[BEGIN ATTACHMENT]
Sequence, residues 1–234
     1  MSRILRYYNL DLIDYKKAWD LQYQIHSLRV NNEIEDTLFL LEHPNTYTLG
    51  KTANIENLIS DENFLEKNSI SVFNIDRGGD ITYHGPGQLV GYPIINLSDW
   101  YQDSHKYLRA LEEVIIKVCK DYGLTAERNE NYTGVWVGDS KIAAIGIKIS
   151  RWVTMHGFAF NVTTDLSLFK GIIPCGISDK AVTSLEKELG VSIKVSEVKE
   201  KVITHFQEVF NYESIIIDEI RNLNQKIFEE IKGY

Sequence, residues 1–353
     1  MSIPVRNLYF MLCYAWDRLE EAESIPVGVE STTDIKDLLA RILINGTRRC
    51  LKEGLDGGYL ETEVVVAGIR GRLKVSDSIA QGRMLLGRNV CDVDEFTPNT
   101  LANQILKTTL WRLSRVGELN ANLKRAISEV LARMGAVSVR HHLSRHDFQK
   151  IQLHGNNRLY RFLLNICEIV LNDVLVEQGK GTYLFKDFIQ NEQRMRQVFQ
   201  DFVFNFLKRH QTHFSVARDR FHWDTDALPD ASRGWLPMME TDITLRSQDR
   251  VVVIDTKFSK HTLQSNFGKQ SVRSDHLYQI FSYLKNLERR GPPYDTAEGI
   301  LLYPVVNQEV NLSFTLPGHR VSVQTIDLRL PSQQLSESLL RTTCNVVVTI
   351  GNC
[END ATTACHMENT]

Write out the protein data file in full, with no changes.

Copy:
Sequence, residues 1–234
     1  MSRILRYYNL DLIDYKKAWD LQYQIHSLRV NNEIEDTLFL LEHPNTYTLG
    51  KTANIENLIS DENFLEKNSI SVFNIDRGGD ITYHGPGQLV GYPIINLSDW
   101  YQDSHKYLRA LEEVIIKVCK DYGLTAERNE NYTGVWVGDS KIAAIGIKIS
   151  RWVTMHGFAF NVTTDLSLFK GIIPCGISDK AVTSLEKELG VSIKVSEVKE
   201  KVITHFQEVF NYESIIIDEI RNLNQKIFEE IKGY

Sequence, residues 1–353
     1  MSIPVRNLYF MLCYAWDRLE EAESIPVGVE STTDIKDLLA RILINGTRRC
    51  LKEGLDGGYL ETEVVVAGIR GRLKVSDSIA QGRMLLGRNV CDVDEFTPNT
   101  LANQILKTTL WRLSRVGELN ANLKRAISEV LARMGAVSVR HHLSRHDFQK
   151  IQLHGNNRLY RFLLNICEIV LNDVLVEQGK GTYLFKDFIQ NEQRMRQVFQ
   201  DFVFNFLKRH QTHFSVARDR FHWDTDALPD ASRGWLPMME TDITLRSQDR
   251  VVVIDTKFSK HTLQSNFGKQ SVRSDHLYQI FSYLKNLERR GPPYDTAEGI
   301  LLYPVVNQEV NLSFTLPGHR VSVQTIDLRL PSQQLSESLL RTTCNVVVTI
   351  GNC